Forgoing battle is a choice

Photo by Vicki Harris

Photo by Vicki Harris

“Let go of the rope.” A colleague and I used this metaphor in our work with a client and I wanted to share a version of this with you.

Many times in life we find ourselves in “tug-o-wars”. You against your child(ren), you against a parent, you against your boss or co-workers, and the list could go on. The thing about tug-o-wars is that ever since elementary school at those wonderful Field Day events, we’ve learned how to pull and pull against whoever is on the other end of the rope. The objective has always been to pull the other team or other person towards your side and to not allow yourself to be pulled toward their side. The tension in the rope is greatest when both sides are using everything they’ve got to pull on their end of the rope. Neither side wants to let go of the rope because they would essentially lose the war.

As I reflect on the “tug-o-wars” that we encounter in our lives, I think about what creates that strong tension in the “rope”. I visualize one or more persons on either end of the rope pulling mightily to be “right” and not to be “wrong”, to be “strong” and not to be “weak”, to “win” and not to “lose”, to “control” and not be “controlled”. So, there is this dichotomy of opposing forces at play where those involved can only see one or the other, black or white, as viable options for themselves. When we are in a situation where we feel threatened or defensive in some small or great way, and we cannot see other alternatives or possibilities for lessening that feeling, I think we can become trapped in a kind of “tug-o-war”.

We can become trapped in attempting to show a child who’s the boss. We can become trapped in attempting to prove stuff to others. We can become trapped in attempting to defend who we are or who we are not. We can become trapped in attempting to show others that we will not be run over. There’s nothing wrong with these attempts alone, but I think the problem occurs when we get stuck in an oppositional position in our attempts and we become blind to what’s happening. I think this is when we lose sight of the “war” or the big picture and become entrenched in the little “battles”. So, then we have nowhere to go. We see no other ways of “winning” nor do we acknowledge any other meanings of “winning”. So, we pull and pull against whoever is on the other end of the rope. The more we feel they are trying to “do something” to us, the more we fight or pull against it.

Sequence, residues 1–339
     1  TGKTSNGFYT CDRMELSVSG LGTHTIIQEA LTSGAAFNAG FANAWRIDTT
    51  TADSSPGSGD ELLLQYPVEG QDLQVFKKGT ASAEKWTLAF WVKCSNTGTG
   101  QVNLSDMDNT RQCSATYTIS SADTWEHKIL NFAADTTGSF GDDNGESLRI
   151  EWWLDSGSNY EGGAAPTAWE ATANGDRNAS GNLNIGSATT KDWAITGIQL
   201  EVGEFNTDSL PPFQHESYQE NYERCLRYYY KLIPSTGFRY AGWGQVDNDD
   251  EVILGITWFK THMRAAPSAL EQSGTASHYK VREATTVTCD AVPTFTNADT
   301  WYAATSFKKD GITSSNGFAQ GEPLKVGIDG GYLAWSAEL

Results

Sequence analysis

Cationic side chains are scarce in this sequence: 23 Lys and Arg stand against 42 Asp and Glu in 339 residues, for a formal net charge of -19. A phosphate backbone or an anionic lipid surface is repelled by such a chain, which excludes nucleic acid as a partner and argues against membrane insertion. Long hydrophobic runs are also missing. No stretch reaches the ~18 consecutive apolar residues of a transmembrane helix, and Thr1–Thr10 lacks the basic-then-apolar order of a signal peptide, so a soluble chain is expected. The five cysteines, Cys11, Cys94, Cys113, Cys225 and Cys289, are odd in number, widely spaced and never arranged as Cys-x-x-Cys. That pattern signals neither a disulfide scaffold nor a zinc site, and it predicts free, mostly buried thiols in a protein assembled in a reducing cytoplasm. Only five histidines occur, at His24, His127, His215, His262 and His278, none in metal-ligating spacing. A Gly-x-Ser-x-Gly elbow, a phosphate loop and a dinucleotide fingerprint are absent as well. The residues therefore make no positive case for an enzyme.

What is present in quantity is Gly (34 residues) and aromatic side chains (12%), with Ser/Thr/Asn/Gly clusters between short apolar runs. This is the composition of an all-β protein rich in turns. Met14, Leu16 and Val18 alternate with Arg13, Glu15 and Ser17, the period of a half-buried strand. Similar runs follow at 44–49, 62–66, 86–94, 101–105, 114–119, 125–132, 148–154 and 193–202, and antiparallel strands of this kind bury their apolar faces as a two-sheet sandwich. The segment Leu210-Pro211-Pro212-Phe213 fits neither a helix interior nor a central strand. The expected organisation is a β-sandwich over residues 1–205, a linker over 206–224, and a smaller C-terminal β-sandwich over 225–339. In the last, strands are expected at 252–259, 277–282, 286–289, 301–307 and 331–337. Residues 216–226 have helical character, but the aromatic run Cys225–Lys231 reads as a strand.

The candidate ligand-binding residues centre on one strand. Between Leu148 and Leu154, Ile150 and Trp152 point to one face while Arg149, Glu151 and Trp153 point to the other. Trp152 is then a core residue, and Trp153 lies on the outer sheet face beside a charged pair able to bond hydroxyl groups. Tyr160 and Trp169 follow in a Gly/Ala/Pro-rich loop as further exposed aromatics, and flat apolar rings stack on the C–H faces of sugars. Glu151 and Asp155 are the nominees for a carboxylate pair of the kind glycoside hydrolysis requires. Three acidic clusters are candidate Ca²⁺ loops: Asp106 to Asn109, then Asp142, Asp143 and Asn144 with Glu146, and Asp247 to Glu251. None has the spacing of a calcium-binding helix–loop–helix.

Sometimes in order to win the war, you have to forego some battles. Rather than seeing foregoing battles as you giving up control, or being weak, a more useful perspective might be that foregoing battles is more about you relinquishing the hold and pull that someone has on you and your life. It is about you deciding that by meeting opposition with more opposition gets you nowhere, and that there is actually a great sense of freedom in forgoing the battles. It is about you deciding for yourself that by participating in the back and forth tugging, you cannot move forward in a positive and purposeful direction. It is about deciding that your greatest control comes by giving it up. Let go of the rope and be free.

Be encouraged.

Contact columnist LaTonya Dunn at ln_dunn@yahoo.com.


pettibone 4 years, 2 months ago

Ms. Dunn, I enjoyed your article. The indications of what a world in utopia would be, was a great eye opener. But we live in a society where not everyone shares the same faith, ideas and convictions. In the world we live you can not always choose you battles or battle grounds. There is always a spirit of reconciliation is each of us and good must at time stand to it fullness in order to show it truthfulness. Remember peace is not the absence of conflict. As a great man once said, “If you are not willing to die for something, you will fall for anything.


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